The effects of finger rest positions on hand muscle load and pinch force in simulated dental hygiene work.
Dong-H; Barr-A; Loomer-P; Rempel-D
J Dent Educ 2005 Apr; 69(4):453-460
One of the techniques taught in dental and dental hygiene programs is to use finger rests to stabilize the instrument while performing dental scaling or other types of dental work. It is believed that finger rests may also reduce muscle stress and prevent injury due to muscle fatigue. In this study the effects of three different finger rest positions on hand muscle activity and thumb pinch force were compared. Twelve predental students performed simulated dental scaling tasks on a manikin using three different finger rest positions: 1) no finger rest, 2) one finger rest, and 3) two finger rests. Muscle activity and thumb pinch force were measured by surface electromyography and a pressure sensor, respectively. Using two finger rests was always associated with reduced thumb pinch force and muscle activity, as compared to not using any finger rests (p<0.05), while using one finger rest reduced thumb pinch force and muscle activity in most cases. Hence, using finger rests plays an important role in reducing the muscle load of the hand in students performing simulated dental hygiene work. It is concluded that dental and dental hygiene students may benefit from instructions for using finger rests at an early stage of their clinical training. Including biomechanical and ergonomic principles in dental and dental hygiene curricula will raise awareness of ergonomics among dental practitioners and help them incorporate these principles into daily practice.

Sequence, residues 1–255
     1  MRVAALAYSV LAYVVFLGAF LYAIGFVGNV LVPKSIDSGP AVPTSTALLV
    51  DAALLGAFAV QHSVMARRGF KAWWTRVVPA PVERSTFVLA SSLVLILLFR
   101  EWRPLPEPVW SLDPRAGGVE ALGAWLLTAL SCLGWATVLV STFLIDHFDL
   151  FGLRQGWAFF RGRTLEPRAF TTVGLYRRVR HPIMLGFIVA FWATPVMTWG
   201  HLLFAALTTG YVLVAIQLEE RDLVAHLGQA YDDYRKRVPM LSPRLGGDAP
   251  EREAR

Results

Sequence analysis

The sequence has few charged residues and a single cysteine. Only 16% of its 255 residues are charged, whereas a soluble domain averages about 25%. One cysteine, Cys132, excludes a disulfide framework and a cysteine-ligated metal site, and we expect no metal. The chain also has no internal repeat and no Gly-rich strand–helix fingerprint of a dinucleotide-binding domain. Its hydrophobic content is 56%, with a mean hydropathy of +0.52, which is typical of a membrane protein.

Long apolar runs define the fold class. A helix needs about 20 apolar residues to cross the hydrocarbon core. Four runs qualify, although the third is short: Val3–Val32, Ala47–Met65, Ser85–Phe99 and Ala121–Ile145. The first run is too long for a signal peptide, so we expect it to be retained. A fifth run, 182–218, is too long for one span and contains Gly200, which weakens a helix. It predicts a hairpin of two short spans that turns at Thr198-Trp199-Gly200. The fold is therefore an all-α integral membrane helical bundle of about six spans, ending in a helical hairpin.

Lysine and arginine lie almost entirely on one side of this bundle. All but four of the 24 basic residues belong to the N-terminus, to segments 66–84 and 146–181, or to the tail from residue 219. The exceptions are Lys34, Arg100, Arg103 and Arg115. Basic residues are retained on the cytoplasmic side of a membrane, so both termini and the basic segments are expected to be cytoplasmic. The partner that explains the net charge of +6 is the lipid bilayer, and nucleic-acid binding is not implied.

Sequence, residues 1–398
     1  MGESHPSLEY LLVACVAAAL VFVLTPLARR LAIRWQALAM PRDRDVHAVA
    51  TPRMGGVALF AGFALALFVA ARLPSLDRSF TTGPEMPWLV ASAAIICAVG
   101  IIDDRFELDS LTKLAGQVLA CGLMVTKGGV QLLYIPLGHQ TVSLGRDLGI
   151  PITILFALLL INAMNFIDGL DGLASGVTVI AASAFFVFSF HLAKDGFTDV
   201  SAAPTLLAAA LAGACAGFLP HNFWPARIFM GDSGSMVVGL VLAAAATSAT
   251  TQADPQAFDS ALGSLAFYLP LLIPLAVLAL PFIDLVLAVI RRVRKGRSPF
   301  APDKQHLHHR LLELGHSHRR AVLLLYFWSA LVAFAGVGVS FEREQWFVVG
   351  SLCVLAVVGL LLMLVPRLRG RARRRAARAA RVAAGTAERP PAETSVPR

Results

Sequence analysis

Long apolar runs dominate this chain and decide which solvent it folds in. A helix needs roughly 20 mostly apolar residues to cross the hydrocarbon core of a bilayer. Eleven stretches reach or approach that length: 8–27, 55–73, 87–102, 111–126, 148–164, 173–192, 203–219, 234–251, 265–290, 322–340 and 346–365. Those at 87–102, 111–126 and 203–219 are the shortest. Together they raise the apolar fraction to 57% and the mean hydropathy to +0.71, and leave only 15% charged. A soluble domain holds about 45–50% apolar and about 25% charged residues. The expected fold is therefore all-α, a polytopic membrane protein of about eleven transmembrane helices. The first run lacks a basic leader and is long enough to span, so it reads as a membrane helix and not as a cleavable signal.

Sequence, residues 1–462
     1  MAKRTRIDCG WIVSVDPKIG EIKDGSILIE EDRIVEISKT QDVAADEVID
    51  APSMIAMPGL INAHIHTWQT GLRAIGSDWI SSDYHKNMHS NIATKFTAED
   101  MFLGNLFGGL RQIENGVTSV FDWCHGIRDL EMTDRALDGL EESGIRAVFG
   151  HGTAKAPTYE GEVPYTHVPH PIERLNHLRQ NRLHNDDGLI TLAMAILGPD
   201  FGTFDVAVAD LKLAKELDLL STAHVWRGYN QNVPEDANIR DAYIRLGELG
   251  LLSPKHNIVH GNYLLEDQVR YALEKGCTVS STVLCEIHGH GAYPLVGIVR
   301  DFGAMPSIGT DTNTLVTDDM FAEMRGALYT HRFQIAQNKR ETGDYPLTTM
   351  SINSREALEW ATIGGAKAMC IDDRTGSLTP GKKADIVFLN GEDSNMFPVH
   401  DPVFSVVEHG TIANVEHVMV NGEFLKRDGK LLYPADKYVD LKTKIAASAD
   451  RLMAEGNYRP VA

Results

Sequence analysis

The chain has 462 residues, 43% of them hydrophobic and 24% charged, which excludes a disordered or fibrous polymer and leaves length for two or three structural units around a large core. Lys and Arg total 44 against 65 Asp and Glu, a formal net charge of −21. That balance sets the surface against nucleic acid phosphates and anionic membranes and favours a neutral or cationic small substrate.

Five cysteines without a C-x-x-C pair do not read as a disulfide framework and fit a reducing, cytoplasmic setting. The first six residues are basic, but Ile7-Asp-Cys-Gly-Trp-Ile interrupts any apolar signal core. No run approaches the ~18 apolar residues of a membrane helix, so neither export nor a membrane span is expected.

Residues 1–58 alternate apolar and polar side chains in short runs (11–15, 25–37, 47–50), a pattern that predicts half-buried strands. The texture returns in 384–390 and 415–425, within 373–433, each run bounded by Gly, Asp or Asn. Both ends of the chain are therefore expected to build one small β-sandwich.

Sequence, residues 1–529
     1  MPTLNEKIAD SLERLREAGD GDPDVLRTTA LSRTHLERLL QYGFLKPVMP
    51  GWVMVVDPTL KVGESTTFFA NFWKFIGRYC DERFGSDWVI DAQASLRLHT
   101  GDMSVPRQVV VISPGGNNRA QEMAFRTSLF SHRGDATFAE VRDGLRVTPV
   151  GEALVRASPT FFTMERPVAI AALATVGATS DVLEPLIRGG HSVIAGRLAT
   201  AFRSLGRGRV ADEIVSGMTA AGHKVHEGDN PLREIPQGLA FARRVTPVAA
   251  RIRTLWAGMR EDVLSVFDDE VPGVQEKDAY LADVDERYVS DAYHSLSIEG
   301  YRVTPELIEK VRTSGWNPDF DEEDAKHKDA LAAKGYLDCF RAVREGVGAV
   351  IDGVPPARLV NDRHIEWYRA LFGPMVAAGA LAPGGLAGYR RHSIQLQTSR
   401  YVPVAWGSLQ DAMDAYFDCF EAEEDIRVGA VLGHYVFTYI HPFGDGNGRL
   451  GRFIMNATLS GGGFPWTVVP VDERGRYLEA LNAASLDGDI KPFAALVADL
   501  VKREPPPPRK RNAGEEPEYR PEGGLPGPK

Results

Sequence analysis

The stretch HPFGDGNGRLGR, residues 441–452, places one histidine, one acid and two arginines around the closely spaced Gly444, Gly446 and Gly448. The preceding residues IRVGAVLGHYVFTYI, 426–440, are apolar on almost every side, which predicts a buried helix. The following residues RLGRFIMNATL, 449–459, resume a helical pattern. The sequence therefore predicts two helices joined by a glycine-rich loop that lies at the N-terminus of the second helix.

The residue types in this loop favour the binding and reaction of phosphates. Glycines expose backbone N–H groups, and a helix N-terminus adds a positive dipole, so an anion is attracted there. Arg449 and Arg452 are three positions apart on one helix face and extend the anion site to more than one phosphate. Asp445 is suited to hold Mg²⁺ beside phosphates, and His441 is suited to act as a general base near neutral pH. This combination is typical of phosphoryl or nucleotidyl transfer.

Biological-effects; Biological-function; Biomechanical-engineering; Biomechanical-modeling; Biomechanics; Dentistry; Dentists; Engineering; Ergonomics; Exposure-assessment; Exposure-levels; Exposure-methods; Hand-injuries; Hand-tools; Injury-prevention; Musculoskeletal-system; Musculoskeletal-system-disorders; Occupational-exposure; Occupational-hazards; Occupations; Physiological-effects; Physiological-measurements; Physiological-response; Risk-analysis; Risk-factors; Statistical-analysis; Training; Work-areas; Work-environment; Work-practices;
Author Keywords: dentistry; training; scaling; hand; ergonomics; electromyography; force; biomechanics
Dr. David Rempel, University of California, San Francisco, 1301 South 46th Street, Bldg. 163, Richmond, CA 94804
Journal of Dental Education
University of California, School of Public Health, Los Angeles, California